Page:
As New Zealand prepares to implement one of the world’s toughest anti-smoking laws, a similar ban has already been implemented in a Boston suburb nearly 10,000 miles away.
New Zealand unveiled its plan earlier this month to prevent young people from ever smoking in their lives.
The bill, which also includes other anti-smoking measures, would make it illegal to sell or provide tobacco products to people born after a certain date.
Starting in 2027, New Zealand’s legal smoking age of 18 would be gradually raised, allowing current smokers to continue purchasing tobacco products but effectively making them unavailable to anyone born after 2008.
The proposal would make the retail tobacco industry in New Zealand one of the most restricted in the world.
However, it is not the first place to try out an age-based tobacco ban. A bylaw that went into effect in September in Brookline, Massachusetts — a wealthy suburb within walking distance of Boston — permanently prohibits anyone born after January 1, 2000, from purchasing tobacco and vape products. This means that people who turned 21 this year, the legal age in Massachusetts for purchasing tobacco, will be unable to do so in Brookline.
According to Katharine Silbaugh, a co-sponsor of Brookline’s ban and a professor of law at Boston University as well as an elected official in Brookline’s town government, the idea is part of the same “tobacco-free generation” movement that New Zealand is working to achieve.
She and others who fought for the Brookline regulation have been in contact with advocates in New Zealand as they work on their national plan, she said.
“There are definite advantages to doing what they’re doing because a person who is really determined to buy tobacco can go across town lines here,” she explained. “However, there is compelling evidence that increased access to substances increases use, so what Brookline did will not have no effect.” It’ll have an impact.”
While they share the goal of eliminating tobacco use, Brookline and New Zealand face distinct challenges.
The bylaw only applies to Brookline, a predominantly white town of about 60,000 people with a median household income of about $117,000. Local legislators approved it by a vote of 139 to 78 in November 2020.
Tobacco use isn’t a big deal in Brookline to begin with: According to the Massachusetts Tobacco Cessation and Prevention Program, which is run by the state Department of Public Health, 6.8 percent of adults smoke, which is half the statewide rate. The New Zealand plan has been proposed for the entire country of more than 5 million people, where 11.6 percent of all people aged 15 and older smoke. Among Indigenous Maori adults, the proportion rises to nearly 29 percent. The government’s goal is to reduce the overall figure to less than 5% by 2025.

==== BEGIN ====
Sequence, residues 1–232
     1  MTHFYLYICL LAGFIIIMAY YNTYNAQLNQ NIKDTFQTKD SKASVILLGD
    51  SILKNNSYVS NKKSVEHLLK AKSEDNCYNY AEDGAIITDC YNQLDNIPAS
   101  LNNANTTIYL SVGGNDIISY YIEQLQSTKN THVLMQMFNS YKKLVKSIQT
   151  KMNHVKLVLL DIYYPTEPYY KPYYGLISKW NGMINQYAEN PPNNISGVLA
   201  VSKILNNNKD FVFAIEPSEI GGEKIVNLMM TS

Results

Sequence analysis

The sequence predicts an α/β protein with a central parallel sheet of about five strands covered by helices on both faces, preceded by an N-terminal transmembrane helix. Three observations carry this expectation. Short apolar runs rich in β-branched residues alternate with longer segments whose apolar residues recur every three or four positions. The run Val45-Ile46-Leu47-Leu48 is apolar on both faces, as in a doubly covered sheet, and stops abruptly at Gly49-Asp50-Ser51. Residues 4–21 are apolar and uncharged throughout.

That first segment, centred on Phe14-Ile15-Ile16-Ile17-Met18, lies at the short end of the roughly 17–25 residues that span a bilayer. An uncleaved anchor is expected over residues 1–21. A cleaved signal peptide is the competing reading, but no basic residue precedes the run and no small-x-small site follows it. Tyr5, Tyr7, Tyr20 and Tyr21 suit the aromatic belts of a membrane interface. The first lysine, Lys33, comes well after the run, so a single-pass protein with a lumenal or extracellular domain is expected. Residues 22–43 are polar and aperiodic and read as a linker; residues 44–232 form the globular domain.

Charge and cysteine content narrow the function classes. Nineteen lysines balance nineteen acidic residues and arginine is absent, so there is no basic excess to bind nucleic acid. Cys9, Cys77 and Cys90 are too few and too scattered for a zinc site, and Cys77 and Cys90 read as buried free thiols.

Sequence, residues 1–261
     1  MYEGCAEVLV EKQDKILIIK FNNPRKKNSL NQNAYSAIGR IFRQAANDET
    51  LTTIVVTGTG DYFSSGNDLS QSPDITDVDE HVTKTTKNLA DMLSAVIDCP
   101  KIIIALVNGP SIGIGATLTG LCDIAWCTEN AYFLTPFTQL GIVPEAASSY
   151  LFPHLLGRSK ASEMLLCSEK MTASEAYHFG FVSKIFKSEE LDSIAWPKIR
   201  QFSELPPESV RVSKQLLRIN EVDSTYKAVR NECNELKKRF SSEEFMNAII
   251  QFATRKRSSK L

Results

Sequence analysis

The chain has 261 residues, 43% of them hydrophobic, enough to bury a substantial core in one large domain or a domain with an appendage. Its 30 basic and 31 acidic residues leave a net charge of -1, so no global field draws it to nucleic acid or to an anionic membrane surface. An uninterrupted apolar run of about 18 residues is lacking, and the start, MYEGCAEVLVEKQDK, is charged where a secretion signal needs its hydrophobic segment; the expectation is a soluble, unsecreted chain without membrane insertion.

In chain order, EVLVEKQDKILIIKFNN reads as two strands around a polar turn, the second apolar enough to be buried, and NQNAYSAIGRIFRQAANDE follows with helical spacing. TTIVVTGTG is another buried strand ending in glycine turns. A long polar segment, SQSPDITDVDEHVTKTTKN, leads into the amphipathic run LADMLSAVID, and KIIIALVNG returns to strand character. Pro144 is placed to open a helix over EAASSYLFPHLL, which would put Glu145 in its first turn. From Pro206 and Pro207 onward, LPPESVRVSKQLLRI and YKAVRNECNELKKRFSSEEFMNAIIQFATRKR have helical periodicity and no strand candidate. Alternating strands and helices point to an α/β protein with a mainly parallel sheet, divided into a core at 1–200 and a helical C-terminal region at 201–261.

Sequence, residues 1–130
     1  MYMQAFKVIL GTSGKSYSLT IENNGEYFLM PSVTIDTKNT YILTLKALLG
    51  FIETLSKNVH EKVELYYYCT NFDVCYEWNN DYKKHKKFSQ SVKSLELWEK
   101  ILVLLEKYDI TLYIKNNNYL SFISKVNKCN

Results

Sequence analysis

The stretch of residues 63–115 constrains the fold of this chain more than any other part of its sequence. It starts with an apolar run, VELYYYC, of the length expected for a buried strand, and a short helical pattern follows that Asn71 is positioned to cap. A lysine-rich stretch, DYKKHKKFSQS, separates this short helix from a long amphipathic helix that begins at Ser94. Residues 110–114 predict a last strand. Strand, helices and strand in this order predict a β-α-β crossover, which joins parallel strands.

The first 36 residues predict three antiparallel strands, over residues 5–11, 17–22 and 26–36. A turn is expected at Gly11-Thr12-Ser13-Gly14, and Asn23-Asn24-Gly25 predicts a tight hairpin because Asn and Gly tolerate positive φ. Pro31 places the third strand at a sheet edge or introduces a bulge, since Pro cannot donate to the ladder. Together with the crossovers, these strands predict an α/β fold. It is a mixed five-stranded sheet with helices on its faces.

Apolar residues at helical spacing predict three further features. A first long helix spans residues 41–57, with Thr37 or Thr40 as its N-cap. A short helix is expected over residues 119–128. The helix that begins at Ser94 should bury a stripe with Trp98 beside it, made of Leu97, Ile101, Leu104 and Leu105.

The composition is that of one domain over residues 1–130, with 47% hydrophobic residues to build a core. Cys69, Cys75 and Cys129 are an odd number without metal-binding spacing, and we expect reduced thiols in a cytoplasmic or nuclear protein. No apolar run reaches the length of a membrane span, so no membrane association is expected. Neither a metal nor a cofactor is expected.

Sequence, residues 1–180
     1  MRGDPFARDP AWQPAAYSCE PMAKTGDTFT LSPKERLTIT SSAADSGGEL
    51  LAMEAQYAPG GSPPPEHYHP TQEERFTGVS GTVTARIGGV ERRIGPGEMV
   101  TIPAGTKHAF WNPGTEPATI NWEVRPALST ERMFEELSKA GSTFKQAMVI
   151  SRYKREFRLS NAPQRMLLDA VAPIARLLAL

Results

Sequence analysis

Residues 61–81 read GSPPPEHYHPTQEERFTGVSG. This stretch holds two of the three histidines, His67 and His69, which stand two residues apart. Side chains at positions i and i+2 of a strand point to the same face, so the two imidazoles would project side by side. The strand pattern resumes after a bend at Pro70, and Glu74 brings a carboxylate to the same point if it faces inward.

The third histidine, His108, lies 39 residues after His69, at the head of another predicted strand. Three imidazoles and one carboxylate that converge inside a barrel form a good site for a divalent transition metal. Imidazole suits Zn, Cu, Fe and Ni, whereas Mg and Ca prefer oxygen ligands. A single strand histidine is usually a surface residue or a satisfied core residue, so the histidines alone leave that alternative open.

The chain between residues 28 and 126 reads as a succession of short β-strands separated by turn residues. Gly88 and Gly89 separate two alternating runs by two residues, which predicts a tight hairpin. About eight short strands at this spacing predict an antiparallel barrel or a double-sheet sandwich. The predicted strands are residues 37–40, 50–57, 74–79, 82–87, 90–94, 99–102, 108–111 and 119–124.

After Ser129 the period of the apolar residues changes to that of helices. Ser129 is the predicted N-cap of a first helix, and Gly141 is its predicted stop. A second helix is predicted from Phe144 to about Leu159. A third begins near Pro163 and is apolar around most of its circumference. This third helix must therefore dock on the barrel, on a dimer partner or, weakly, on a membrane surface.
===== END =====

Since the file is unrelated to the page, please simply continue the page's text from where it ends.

While health advocates have praised the plan, politicians and advocacy groups in New Zealand have criticized it as excessive state intervention that will harm businesses.
Kaushal stated that his organization supports the initiative but believes that affected businesses should be compensated.
Financial concerns loom large among small businesses in Brookline as well, but this time it’s because they’re afraid customers will simply drive to the next town to buy tobacco products.
In Brookline, Elias Audy and his son own two Mobil gas stations. They predict a significant revenue loss that extends beyond tobacco sales, because customers who go elsewhere to buy cigarettes are likely to also buy gas and other items there.
Silbaugh, a co-sponsor of the Brookline bylaw, believes the ban will have less of an impact on businesses than the Audys and others fear.
She hopes that the ban will eventually be extended beyond Brookline so that the Audys won’t have to watch customers go elsewhere for their nicotine fix.
The New Zealand proposals, which include lowering the nicotine content of tobacco products as well as reducing the number of retailers authorized to sell them, are expected to be debated in Parliament in the coming weeks. Because the ruling Labour Party has a majority, the legislation, which does not affect the sale of vaping products, is likely to pass.
The move has received support from a range of experts in New Zealand, including those at leading Maori public health provider Hapai Te Hauora, which described the announcements as “long overdue.”